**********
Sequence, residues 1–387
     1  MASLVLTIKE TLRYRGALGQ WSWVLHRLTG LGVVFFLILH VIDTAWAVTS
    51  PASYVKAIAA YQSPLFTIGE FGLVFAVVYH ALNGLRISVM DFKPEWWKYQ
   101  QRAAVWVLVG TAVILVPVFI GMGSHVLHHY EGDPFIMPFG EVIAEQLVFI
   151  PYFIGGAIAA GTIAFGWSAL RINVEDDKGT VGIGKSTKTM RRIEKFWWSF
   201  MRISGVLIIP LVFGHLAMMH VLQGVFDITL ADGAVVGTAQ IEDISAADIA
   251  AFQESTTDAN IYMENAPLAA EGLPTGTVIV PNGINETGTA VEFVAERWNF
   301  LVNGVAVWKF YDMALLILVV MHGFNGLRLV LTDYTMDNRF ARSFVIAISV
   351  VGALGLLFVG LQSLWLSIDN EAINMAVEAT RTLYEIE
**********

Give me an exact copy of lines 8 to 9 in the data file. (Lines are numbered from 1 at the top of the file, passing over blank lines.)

   301  LVNGVAVWKF YDMALLILVV MHGFNGLRLV LTDYTMDNRF ARSFVIAISV
   351  VGALGLLFVG LQSLWLSIDN EAINMAVEAT RTLYEIE